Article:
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Old August 29, 2006, 03:00 PM   #26
Car Knocker
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Imperial Sizing Wax.
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Old August 29, 2006, 04:09 PM   #27
Darrell Davis
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Tell me more about the "Imperial Sizing Wax."
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Old August 29, 2006, 05:29 PM   #28
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Imperial Sizing Die Wax is owned by Redding Reloading Equipment. A 1 oz. tin lists for $6.00, and a 2 oz. tin lists for $9.00.

You can view the information at: www.redding-reloading.com.

Hope this helps.

Fred
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Old August 29, 2006, 06:09 PM   #29
James THR
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I mentioned before about carrying .38 HBWC loads in a MTM 9mm case guards. If you only have the .38/.357 case guards and it annoys you how the cartridges rattle around. If you cut some styrofoam to the exact inside dimension of the caseguard lid and hot melt glue that in - presto ! No more annoying rattles and your .38 HBWC are held as tightly as if they were in 9mm boxes.


I also bought a cheap secondhand locker (like you see in dressing rooms) and I always make sure that all my primers and all my powder and all loaded rounds are always under lock and key when not in use. That way I am always sure that kids and other unathorized folks can never cause themselves or myself any grief.
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Old August 29, 2006, 06:29 PM   #30
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Quote:
I would be interested in something which was as good as the STP but not as hard to clean up.

Any thoughts?
Yeah...Rooster CFL (Case Forming Lube). Got this idea from Ross Seyfried in Handloader. He does all kinds of goofy case forming and said it was hands down the best he had used for radical case forming.

I made some .357 Herrett from .30-30's and it worked great to set back the shoulder.
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Old August 29, 2006, 06:40 PM   #31
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The Imperial Sizing Lube is a great product that is used VERY sparingly and cleans off nicely. Follow this link for more info and be sure to read the customer reviews:

http://www.midwayusa.com/eproductpag...eitemid=519525
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Old August 29, 2006, 08:19 PM   #32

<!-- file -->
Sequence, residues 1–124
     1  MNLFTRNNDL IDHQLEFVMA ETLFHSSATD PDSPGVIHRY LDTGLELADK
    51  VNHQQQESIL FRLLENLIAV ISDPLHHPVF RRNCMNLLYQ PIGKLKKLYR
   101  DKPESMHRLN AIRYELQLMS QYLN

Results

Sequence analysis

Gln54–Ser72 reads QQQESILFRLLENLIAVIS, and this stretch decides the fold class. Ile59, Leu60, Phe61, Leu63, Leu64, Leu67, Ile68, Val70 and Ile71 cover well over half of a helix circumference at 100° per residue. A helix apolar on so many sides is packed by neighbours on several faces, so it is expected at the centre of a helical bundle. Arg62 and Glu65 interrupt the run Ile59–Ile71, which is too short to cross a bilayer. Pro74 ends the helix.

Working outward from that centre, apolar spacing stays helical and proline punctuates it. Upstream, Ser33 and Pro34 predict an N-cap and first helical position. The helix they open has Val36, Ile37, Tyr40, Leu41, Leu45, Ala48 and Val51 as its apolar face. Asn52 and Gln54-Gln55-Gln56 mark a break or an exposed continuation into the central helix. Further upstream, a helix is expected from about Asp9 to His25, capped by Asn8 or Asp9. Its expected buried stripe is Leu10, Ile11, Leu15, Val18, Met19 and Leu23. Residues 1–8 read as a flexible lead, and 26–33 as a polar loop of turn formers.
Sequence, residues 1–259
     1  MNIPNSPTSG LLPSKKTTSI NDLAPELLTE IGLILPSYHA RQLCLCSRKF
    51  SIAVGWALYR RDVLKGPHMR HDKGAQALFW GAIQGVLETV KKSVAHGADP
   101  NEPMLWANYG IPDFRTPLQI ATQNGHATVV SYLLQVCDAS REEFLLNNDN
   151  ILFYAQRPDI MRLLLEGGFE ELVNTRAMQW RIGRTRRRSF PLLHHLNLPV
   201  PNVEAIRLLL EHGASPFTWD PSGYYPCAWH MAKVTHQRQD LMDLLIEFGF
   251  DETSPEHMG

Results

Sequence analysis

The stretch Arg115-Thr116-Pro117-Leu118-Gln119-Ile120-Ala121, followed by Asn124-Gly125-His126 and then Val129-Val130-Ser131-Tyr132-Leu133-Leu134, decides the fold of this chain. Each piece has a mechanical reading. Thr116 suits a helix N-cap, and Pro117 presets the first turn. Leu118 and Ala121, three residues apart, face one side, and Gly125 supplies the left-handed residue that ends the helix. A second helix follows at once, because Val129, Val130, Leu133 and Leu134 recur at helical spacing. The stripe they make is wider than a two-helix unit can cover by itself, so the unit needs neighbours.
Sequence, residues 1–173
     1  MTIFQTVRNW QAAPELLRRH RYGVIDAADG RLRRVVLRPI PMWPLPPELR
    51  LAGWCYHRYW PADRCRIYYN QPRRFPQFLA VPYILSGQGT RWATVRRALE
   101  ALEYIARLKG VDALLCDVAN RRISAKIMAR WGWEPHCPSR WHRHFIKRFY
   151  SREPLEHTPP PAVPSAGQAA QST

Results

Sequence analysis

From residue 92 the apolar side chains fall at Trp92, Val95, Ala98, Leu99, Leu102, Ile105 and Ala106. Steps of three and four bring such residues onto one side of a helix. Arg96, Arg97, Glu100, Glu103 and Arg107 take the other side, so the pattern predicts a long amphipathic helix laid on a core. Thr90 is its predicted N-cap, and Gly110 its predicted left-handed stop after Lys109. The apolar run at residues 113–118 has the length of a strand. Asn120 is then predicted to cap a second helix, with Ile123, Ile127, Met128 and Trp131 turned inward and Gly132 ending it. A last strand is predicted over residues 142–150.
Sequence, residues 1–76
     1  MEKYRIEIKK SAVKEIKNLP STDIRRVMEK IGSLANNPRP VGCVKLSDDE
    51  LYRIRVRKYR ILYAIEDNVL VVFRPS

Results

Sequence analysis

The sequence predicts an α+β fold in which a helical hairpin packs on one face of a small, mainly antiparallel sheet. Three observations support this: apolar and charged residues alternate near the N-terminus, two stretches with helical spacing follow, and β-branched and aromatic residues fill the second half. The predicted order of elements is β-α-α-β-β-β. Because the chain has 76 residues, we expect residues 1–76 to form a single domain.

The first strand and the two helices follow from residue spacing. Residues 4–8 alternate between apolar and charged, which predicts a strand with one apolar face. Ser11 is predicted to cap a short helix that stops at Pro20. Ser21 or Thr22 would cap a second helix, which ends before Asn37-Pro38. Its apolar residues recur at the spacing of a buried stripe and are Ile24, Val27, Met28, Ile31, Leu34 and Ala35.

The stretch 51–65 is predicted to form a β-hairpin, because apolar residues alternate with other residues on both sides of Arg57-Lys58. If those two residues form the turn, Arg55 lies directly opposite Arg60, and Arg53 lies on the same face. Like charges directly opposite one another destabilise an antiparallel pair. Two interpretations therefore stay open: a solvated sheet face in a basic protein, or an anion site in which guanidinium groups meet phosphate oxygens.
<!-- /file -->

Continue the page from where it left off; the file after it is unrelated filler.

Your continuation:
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Was always a dreaded chore to get a small patch started down the bore of a 22 cal. center fire rifle from the breech end. Took a 22 cal brass jag, drilled a small hole dead center in the jag face and epoxied a small pin nail in the hole. Spear the patch and no more starting problems.

The 50 round plastic cartridge holders that come in a box of new 45 ACP ammo make good loading blocks for most common center fire calibers.
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Old August 30, 2006, 08:29 PM   #33
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The large cat litter plastic containers with the handles make excellent storage bins for fired brass.

I also use empty 1 gal spackle containers for storage of brass in various stages of the reloading process. I mark one container #1, #2, #3 and so on.

Cuban cigar boxes (wood) excellent storage containers for spare parts and accessories for your equipment.

I recovered my work bench with 1" X10" pine which I laid directly over the old 2X4 top, I sealed the joints with caulk and painted the entire top 4 coats of gloss white paint. Makes clean up a breeze.
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Old August 30, 2006, 09:32 PM   #34
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Uncle Don:
Quote:
That those cheesy little collet rings that come with inertia bullet pullers are worthless and can be tossed. You can use a press shellholder for the caliber you are pulling and it works much better.

I just tried that and it works like champ!

Now I'm mad I didn't think of that.
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Old August 30, 2006, 10:05 PM   #35
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+1 for Uncle Don!
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Old August 30, 2006, 11:02 PM   #36
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Could it Bee, that Redding does not keep thier own bees, but is selling their wax OEM?

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Old August 30, 2006, 11:37 PM   #37
sm
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Shotgun shell reloading with a MEC.

-Metal powder caps off older Win 1# powder [Super Lite, 296, etc] and MEC plastic bottles fit each other.

-Allen Wrench electrical taped to MEC handle is handy and always there if need to adjust cam.

-Dental Pick is handy for getting pellets out of collet sizers [you can electrical tape this opposite allen wrench, or keep one taped to all of your shot bottles]

--Mounting the MEC reloaders , Depends on bench, set up and how much room you have:

1. Mount All MEC reloaders on the same size and thickness of plywood, I stained all mine and light varnish, easier to clean up.

Get two pcs of plywood that fits table / bench top. Again I stained and varnished mine. One pc lays onto top, The other one, I measured to allow 3 MEC Reloaders to fit side by side - adjust to your needs. I put "trim" all the way around to contain spilled shot. [one is going to spill shot]